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How to handle the technically complex and get it right first time

How To Handle The Technically Complex, And Get It Right First Time

by Jamie Buckley

Building a technically advanced solution for the utilities sector.

A fact of enterprise software engineering is that most projects are quite similar in their implementation. Businesses of course vary hugely, but to an engineer, all those differences will always be reduced to blocks of data and rules.

The average enterprise project will involve tracking and managing some sort of data, be it people, stock, time or customers. It might not seem that the software tracking the inventory at a supermarket has much in common with, for example, financial software at a bank, but once it is reduced to code, there is often little difference between the two.

This is not to say that enterprise development is simple, however. The complexity comes from correctly understanding how a business works, and producing something that meets a real user need. By far the most complex part of enterprise software engineering is the act of producing useful automation for someone who knows how to perform their job, but not how to describe it.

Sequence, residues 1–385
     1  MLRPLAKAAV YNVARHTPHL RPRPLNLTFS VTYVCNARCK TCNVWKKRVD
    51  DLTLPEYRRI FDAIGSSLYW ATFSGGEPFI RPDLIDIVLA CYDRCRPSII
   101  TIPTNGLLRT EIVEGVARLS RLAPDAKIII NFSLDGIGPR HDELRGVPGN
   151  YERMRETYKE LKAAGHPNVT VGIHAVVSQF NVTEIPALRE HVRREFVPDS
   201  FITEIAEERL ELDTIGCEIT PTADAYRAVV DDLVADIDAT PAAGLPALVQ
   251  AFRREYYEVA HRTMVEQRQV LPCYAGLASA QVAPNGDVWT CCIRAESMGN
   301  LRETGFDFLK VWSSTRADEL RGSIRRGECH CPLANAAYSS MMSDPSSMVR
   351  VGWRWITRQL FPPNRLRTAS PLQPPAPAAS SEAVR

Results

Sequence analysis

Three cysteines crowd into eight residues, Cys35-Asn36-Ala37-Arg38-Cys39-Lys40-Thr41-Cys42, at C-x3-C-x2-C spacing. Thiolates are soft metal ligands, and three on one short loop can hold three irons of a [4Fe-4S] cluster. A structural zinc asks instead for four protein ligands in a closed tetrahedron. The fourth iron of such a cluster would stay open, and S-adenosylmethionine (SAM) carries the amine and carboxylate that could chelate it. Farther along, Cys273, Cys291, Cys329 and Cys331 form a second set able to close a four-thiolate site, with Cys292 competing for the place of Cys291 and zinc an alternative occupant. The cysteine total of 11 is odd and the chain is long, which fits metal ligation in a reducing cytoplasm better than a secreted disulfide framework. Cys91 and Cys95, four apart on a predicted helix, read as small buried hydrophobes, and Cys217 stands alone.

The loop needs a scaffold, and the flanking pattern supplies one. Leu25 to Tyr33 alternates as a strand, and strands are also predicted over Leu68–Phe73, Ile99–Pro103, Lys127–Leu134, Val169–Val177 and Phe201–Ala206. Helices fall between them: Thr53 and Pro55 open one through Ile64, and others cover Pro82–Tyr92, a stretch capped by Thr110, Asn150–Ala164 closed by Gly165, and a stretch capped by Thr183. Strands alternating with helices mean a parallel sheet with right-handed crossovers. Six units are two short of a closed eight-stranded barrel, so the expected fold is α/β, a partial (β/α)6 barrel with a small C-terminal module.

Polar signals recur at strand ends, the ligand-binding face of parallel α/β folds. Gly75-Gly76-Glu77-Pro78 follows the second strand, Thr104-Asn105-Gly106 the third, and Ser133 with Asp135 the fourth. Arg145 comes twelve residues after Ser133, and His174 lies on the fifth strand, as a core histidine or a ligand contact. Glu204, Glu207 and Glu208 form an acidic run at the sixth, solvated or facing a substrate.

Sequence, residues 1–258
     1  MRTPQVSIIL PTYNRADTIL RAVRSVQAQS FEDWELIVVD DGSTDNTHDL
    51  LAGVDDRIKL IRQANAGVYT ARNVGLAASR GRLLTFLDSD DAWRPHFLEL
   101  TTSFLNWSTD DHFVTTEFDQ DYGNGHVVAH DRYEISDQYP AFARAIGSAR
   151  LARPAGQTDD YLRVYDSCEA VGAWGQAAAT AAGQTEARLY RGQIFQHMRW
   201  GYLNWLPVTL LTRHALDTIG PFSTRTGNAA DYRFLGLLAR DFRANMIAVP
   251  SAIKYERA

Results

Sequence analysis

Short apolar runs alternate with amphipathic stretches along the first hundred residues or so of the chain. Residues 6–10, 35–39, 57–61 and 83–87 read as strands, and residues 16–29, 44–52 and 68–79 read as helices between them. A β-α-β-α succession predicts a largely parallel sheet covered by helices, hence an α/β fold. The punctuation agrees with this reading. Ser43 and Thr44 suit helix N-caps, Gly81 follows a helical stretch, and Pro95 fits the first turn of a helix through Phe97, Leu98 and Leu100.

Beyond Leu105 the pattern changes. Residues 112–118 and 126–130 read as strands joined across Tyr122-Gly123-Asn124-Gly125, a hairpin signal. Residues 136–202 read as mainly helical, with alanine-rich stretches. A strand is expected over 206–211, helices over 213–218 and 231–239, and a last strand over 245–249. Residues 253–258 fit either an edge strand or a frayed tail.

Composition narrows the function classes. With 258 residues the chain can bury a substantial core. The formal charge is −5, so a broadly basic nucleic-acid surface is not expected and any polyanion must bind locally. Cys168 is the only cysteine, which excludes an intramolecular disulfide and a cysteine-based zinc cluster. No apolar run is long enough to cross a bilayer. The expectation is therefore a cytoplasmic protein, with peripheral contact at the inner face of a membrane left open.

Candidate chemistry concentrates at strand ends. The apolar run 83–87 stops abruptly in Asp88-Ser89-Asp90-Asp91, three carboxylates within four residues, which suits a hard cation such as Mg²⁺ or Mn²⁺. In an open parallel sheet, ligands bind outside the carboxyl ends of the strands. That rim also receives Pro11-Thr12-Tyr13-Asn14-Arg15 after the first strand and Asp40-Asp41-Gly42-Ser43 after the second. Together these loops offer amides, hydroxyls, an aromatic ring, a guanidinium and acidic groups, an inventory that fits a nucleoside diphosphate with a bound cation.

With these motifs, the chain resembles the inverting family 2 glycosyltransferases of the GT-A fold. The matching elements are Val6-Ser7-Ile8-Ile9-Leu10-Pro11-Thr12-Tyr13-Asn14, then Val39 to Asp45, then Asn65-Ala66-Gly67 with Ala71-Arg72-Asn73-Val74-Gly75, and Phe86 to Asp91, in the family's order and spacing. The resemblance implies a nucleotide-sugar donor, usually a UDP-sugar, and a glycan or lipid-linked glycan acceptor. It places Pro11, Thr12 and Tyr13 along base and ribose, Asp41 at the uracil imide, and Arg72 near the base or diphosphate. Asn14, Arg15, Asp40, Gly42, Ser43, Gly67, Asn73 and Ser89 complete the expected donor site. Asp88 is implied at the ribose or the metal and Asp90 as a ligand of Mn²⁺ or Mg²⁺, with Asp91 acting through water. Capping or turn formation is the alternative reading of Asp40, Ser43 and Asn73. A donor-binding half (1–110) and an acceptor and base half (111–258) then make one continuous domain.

Human jobs are often a mess of edge cases, common sense judgement or lateral thinking. None of these can naturally be translated into code.

Dealing with the technically complex in the utilities sector

Every now and then, you get a project that is heavily skewed the other way: simple requirements, but technically complex.

So it is with a recent project one of our teams has been working on for Wales & West Utilities, creating a mapping tool for the laying down of gas pipes. It's a simple enough concept — connect point A to point B — but the underlying technology is highly challenging.

Technical complexity such as this is often quite hard to explain, although here’s an XKCD cartoon which sums it up succinctly — although of course, this predates modern ML tools which make light work of image recognition.